• "Scene does not contain a lap dance." This one is so iconic they made a T-shirt out of it.
    • invoked "(Actor) isn't (This role or doing this action) in this scene." (i.e. "Liam Neeson isn't killing anyone in this scene", and "Ben Kingsley isn't Gandhi in this scene", "Natalie Portman isn't making out with Mila Kunis in this scene", "Andy Serkis isn't being nominated for an Oscar in this scene")
      • A large subset of this is "(Actress) isn't my girlfriend/wife in this scene."
    • "Discount (actor/actress)." For when a much lower-paid and less-famous actor somewhat resembles a more famous actor.
    • "X is a dick to Y."
    • When a character says something that doesn't make sense, or something that doesn't make sense happens:"What?!"
    • "DC Comics."
    • When there's text on screen, or an Opening Scroll or a shot of a character reading: "Reading."
    • "The Prometheus school of running away from things." (After the Prometheus sins video, in which he described one of the characters trying to avoid a giant toppling structure by just running in the direction it was falling rather than dodging to the side).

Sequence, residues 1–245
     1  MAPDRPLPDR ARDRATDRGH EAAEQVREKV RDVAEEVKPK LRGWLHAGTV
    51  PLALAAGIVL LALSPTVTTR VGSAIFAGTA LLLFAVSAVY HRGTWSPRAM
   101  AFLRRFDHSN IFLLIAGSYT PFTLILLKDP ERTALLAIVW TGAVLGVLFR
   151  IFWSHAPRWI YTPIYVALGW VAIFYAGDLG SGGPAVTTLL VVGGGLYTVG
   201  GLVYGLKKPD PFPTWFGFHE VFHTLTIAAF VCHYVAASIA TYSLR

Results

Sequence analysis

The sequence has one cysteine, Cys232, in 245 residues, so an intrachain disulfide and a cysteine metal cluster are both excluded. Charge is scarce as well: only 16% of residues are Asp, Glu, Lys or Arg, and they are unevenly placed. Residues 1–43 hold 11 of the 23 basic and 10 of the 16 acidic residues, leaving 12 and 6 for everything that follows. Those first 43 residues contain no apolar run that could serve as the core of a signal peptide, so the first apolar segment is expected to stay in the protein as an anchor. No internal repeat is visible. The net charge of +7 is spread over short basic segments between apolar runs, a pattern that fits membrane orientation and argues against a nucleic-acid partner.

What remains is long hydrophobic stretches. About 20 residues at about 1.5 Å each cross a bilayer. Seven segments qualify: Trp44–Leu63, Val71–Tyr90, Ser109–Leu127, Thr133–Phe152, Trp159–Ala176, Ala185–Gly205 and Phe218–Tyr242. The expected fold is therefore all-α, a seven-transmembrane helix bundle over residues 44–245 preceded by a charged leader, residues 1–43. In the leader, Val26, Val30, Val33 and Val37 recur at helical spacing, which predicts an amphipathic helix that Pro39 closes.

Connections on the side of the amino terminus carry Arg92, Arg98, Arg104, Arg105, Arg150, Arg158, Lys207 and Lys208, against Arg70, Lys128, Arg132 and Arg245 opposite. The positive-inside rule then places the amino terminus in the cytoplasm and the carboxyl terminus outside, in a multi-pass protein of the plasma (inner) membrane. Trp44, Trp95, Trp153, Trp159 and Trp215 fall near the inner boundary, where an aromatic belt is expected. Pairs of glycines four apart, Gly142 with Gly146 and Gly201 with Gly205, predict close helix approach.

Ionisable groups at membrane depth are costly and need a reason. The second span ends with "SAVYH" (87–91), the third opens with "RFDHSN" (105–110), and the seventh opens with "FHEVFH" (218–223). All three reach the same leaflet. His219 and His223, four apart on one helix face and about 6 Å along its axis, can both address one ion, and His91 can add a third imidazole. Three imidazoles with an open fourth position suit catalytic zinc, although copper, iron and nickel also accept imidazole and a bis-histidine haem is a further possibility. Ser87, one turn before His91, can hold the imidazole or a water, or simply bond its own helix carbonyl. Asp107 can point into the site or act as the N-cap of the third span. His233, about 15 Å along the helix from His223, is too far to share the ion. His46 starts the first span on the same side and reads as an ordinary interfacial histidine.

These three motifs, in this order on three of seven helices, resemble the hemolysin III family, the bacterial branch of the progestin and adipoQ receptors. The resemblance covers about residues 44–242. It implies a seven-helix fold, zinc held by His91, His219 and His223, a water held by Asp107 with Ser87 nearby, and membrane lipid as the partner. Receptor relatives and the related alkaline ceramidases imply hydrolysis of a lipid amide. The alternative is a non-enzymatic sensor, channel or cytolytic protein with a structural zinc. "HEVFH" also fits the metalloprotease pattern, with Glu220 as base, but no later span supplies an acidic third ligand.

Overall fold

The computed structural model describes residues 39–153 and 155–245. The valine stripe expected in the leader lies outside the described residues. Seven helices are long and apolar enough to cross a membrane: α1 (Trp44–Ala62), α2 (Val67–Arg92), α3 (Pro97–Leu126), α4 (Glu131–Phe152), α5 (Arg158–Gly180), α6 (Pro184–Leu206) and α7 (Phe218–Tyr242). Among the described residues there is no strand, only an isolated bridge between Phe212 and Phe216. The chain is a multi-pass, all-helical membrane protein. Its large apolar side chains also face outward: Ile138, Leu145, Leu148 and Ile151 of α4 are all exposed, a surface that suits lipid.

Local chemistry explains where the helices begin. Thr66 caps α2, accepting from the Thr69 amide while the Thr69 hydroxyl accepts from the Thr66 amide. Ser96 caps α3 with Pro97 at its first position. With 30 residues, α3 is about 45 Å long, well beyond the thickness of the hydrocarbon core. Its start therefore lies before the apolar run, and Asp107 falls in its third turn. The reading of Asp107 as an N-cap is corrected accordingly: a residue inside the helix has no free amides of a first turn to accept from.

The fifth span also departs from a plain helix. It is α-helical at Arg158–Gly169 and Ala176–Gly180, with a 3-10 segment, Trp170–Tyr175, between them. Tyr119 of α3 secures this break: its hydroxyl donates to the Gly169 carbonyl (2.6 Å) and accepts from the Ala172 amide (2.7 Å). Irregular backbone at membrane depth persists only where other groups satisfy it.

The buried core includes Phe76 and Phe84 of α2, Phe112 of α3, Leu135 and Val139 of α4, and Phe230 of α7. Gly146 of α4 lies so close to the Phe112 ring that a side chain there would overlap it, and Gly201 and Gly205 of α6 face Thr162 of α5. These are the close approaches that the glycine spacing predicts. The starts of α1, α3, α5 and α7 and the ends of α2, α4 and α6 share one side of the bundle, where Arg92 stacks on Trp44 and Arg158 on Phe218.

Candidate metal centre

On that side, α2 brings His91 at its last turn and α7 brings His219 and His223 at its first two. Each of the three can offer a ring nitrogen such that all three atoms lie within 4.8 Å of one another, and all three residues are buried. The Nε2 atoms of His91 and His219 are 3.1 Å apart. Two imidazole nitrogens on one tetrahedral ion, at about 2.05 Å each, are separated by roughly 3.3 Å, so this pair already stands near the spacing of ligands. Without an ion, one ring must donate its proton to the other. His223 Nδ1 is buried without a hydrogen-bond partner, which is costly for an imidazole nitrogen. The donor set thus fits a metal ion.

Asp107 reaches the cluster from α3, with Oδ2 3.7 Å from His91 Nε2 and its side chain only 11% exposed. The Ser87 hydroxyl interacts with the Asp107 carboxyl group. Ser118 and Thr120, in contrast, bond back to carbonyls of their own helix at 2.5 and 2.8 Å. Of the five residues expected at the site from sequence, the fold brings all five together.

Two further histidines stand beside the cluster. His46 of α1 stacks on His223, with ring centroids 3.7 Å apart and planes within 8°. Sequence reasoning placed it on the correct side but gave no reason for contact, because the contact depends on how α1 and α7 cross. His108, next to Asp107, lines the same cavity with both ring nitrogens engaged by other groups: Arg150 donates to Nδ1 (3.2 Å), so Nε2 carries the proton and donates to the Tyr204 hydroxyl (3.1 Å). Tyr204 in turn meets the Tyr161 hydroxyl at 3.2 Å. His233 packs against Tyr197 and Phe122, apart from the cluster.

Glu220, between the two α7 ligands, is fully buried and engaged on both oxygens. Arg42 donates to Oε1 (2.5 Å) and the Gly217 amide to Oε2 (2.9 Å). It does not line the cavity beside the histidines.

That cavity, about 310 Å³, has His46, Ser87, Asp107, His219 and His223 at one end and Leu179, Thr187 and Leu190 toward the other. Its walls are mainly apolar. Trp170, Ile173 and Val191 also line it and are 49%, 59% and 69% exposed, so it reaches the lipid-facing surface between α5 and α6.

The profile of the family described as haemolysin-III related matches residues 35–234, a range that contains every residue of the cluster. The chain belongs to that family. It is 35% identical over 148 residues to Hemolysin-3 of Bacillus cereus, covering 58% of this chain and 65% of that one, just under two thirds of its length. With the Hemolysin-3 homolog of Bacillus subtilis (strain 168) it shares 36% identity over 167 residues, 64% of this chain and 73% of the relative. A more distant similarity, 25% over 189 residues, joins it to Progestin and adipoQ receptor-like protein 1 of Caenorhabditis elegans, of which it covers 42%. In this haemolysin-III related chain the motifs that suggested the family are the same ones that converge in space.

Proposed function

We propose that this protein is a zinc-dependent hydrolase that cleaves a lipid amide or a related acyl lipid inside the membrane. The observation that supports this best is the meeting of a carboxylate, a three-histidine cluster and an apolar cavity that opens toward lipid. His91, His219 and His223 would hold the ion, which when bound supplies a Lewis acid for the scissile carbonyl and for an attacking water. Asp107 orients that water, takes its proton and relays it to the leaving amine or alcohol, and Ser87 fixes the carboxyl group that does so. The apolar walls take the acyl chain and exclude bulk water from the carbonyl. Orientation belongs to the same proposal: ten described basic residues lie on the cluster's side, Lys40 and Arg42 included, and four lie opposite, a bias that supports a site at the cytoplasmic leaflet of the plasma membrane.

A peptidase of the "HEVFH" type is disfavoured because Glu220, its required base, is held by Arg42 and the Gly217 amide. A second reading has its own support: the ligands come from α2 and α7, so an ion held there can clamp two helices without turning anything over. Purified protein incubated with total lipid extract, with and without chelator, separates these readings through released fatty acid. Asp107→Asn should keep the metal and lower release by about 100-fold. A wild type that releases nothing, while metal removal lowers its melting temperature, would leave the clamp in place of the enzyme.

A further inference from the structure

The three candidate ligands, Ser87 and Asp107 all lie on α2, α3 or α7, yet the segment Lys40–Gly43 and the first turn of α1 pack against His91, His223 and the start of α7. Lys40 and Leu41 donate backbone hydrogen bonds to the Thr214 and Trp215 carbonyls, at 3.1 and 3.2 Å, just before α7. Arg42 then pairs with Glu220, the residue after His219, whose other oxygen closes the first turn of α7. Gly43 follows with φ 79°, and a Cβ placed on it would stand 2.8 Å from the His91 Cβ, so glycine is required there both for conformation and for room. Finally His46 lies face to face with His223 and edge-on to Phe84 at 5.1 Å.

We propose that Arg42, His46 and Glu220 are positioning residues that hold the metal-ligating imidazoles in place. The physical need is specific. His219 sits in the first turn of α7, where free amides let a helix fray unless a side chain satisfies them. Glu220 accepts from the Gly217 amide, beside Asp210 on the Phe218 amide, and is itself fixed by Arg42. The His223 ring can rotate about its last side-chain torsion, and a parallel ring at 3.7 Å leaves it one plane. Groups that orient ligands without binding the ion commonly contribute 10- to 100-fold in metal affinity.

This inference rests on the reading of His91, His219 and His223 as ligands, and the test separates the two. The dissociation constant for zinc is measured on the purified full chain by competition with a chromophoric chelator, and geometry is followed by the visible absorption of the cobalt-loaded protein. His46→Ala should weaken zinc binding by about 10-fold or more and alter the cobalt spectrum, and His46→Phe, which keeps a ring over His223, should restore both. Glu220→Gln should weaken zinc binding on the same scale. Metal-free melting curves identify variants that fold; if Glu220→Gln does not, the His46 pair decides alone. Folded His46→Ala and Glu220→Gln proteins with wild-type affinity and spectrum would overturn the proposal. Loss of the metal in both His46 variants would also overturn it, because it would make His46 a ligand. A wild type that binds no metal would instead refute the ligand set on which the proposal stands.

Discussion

This is exactly how Shaggy and Scooby would try and run from this thing.
    • "This [adjective] [noun] is [same adjective]" (For example, "Convenient rescue is convenient" or "Stupid teaser is stupid.")
    • "Sh*t, there goes HBO." (Any time a satellite is destroyed)
    • "F**king Sprint." (Any time poor streaming is shown)
    • "(Visionary) [genre] director rips off [classic movie]." Sometimes this is used when a director does something they'd done in their own previous work, such as Sam Raimi ripping off the camera work of Evil Dead in Oz: The Great and Powerful.
    • (after a Title Drop) "Roll credits!"
    • "X seconds of opening logos."
    • "<sigh>"note 
    • "X Cliché."
    • For any sunrise: "NAAAAAAAAAAAAANTS ingonyama..."
      • Similarly, whenever an aurora appears, the related clip from The Simpsons is played. note 
    • "We interrupt this [genre] movie to bring you [another movie]." Used plenty in the Thor: The Dark World sins video.
      Fu*k, me... We interrupt this superhero movie to bring you Tangled.
    • (Some off-colornote  remark) "That's racist."
    • "In the not too distant future..."